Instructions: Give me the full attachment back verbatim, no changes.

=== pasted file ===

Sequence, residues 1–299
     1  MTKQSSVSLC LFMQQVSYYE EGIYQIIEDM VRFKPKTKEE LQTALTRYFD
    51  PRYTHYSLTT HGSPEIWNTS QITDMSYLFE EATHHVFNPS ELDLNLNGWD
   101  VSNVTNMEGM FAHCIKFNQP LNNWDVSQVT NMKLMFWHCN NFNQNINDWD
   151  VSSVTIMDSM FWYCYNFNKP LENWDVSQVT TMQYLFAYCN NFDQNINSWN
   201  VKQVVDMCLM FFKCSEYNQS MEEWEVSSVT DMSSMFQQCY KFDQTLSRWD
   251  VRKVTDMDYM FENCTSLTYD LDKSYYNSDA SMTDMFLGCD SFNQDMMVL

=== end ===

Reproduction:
Sequence, residues 1–299
     1  MTKQSSVSLC LFMQQVSYYE EGIYQIIEDM VRFKPKTKEE LQTALTRYFD
    51  PRYTHYSLTT HGSPEIWNTS QITDMSYLFE EATHHVFNPS ELDLNLNGWD
   101  VSNVTNMEGM FAHCIKFNQP LNNWDVSQVT NMKLMFWHCN NFNQNINDWD
   151  VSSVTIMDSM FWYCYNFNKP LENWDVSQVT TMQYLFAYCN NFDQNINSWN
   201  VKQVVDMCLM FFKCSEYNQS MEEWEVSSVT DMSSMFQQCY KFDQTLSRWD
   251  VRKVTDMDYM FENCTSLTYD LDKSYYNSDA SMTDMFLGCD SFNQDMMVL